Saturday, January 17, 2009

Painting Tools

Sure, brushes are the basic painting tool. But what else is helpful? I took a pic of my painting tray just to see what I've collected over the years.

The tray itself is just a piece of plywood, an off-cut from a long-discarded project. I think it's really helpful to have a solid base like this: all the lead and paints get heavy and I do have to move it around a bit. At the back is a little wooden tray I made to hold paint jars; there's a shoebox as well that I set on the right. Doesn't matter how you organize your paints, but being able to put your hand on just the right bottle quickly is a real plus.

At the back of the paint tray is a piece of paper. I've made notes about the colors I use. "Which blue did I use on the tunic of the Chasseurs d'Afrique?" Very helpful. Although you can't see it really, I've also made "chip charts" on 3x5 cards and stuck those to the left of the tray. Useful because the dried color hue is different than the wet one. But now that I've gone to using the artist colors more I find I don't have as many paints and don't do that as much. When I do, now I'm using bigger swatches and painting them on high-quality bright white paper. I have one for the khakis and tans I use a lot.

With acrylics, water is the essential clean-up medium. I have two little plastic tubs there. Got these from drinking a whole lotta powdered tea mix and I have an almost unlimited supply. One contains clean water for adding to the paint with the eye dropper and the other one is for cleaning the brushes. You'll note the bottle of acrylic cleaner--plain water isn't enough to keep your brushes clean, but regular dish detergent works just as well. When the dirty water gets really dirty I've been known to use it as a dark wash. There: now you know my dirty little secret.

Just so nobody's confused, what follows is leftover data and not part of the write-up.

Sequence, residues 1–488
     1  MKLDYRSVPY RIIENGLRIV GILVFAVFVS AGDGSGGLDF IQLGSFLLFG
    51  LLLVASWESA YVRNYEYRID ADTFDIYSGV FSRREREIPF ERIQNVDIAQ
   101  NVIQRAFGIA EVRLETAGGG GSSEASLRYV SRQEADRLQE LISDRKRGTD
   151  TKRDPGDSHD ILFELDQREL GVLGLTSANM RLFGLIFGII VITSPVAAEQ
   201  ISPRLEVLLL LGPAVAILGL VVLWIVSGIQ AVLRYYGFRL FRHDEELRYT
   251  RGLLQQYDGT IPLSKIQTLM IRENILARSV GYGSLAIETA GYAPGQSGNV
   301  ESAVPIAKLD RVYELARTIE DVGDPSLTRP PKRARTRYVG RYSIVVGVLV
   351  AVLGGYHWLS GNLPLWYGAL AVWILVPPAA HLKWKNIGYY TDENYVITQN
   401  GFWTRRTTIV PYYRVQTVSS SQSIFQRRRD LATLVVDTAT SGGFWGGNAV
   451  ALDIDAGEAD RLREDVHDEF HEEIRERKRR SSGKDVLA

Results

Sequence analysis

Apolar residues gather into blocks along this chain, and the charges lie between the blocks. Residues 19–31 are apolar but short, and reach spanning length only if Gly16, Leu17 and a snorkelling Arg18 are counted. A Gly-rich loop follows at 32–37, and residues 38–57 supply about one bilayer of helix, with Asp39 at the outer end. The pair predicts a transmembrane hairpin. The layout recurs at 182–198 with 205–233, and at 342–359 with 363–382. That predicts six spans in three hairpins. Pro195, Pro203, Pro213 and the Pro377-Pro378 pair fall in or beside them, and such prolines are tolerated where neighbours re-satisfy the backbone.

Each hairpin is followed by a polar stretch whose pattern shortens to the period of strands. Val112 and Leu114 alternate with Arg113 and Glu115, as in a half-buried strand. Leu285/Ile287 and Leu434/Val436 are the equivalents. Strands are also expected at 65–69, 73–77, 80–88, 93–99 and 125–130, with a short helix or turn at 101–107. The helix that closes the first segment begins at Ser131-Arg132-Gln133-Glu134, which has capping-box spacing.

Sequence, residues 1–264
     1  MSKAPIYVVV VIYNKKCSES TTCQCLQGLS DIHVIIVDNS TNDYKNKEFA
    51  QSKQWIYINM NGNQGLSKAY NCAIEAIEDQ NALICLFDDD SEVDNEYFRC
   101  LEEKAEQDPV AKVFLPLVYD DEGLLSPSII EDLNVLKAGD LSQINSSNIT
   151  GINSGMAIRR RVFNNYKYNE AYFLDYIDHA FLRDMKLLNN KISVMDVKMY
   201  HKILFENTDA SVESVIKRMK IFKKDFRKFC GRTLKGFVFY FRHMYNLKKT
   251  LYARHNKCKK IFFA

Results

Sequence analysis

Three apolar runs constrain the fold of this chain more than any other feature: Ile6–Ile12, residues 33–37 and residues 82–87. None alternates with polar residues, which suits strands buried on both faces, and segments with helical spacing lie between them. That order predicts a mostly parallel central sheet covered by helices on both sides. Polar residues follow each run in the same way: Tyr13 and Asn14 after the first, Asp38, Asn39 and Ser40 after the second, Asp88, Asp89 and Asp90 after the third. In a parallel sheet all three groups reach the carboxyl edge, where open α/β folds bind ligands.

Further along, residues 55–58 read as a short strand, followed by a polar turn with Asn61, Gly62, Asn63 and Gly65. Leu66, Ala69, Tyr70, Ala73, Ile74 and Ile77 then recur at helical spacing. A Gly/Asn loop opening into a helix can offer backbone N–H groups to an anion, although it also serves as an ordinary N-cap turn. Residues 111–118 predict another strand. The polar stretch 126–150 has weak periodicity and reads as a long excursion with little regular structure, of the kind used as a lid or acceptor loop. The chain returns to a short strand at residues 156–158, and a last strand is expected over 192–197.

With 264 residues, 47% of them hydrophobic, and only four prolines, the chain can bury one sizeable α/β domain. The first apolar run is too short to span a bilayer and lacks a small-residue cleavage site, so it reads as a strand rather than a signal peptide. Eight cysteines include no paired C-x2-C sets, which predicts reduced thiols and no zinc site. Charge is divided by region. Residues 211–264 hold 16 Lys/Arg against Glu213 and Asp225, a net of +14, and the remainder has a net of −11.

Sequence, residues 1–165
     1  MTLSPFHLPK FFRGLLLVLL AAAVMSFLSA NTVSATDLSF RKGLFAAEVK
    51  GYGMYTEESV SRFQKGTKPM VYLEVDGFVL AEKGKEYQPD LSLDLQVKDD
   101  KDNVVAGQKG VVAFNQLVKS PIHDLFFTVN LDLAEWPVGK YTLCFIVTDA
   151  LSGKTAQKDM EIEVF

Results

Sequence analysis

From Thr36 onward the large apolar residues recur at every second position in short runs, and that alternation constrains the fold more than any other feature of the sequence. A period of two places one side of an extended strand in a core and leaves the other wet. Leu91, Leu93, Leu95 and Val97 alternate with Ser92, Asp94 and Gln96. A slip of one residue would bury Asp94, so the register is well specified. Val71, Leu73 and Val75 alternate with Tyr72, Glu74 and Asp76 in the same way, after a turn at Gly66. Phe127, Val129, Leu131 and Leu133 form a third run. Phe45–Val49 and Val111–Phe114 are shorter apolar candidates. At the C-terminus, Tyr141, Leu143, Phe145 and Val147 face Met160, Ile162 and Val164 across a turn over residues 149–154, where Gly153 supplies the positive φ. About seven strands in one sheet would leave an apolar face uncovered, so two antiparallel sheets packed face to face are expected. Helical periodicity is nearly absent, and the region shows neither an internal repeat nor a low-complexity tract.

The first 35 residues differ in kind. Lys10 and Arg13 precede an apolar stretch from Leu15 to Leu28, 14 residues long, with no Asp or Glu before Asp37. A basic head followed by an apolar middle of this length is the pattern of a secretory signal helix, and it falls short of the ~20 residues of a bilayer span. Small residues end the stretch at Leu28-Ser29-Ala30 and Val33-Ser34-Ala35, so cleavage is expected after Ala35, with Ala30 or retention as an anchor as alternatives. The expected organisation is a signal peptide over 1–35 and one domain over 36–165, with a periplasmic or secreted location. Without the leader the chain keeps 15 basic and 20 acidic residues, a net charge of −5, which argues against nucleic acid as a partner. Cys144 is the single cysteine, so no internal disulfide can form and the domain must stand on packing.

The pliers is for opening stuck lids and the X-acto is for cleaning the dried paint from around the tops. Another little tea tub holds all the toothpicks I use to stir the paint. I get a lot of "Do you paint with the toothpicks?" from non-painters so one day I tried it. Not bad to quickly "patch" a spot. When my brushes are ready for the trash I cut off the ferrule and viola'! A bigger and longer paint stirrer for the deep bottles.

A paper towel for cleaning and drying the brushes is on the right. I used to use old t-shirts in the enamel paint days but they don't absorb water well. I'll have to get rid of that one I just noticed. They tray tends to get so crowded sometimes it's hard to fit the figures on it. I also use the paper towels to take off extra paint when I'm dry brushing. If I continue to use the same spot, sometimes I go back there instead of the paint source for just a little bit.

Where to paint from? You can just dip your brush in the paint jar or sometimes the lid but as you can see to the left, the little bottles really make you squeeze out a couple of drops at a time. This helps preserve the paint from drying out so that's nice. Whenever I'm using that kind of bottle or just mixing colors, I put it all on the pickle jar lid you see in the center. They're a good size and I tend to make a color wheel of it as I go along. My wife really likes pickles so there's a never-ending supply of those, too.

Oh, one last thing. Glasses. 2.5X magnifiers from Walmart to be exact. I actually took a figure in to the store to try out the best magnification. Once upon a time I used to amaze all by telling those who asked that yes, I did paint all that detail with the naked eye. Alas, age has caught up with me and I would no longer be able to see all the detail on these little buggers much less paint it without some help.

1 comment:

  1. Thank you for the larger photos Al! It really is a great help. Nice job on describing your tools and methods.

    I take notes on the colors I use for units too ~ just wish I had begun doing that years ago! I have to wear glasses to paint these days too. But at least now I can see what I'm painting!

    Great work! I'm looking forward to following your progress and learning more from you. (It looks like my first, sample pack, Berber is a little bit darker than he should be.) Very helpful. Thanks again.

    ~ Tom T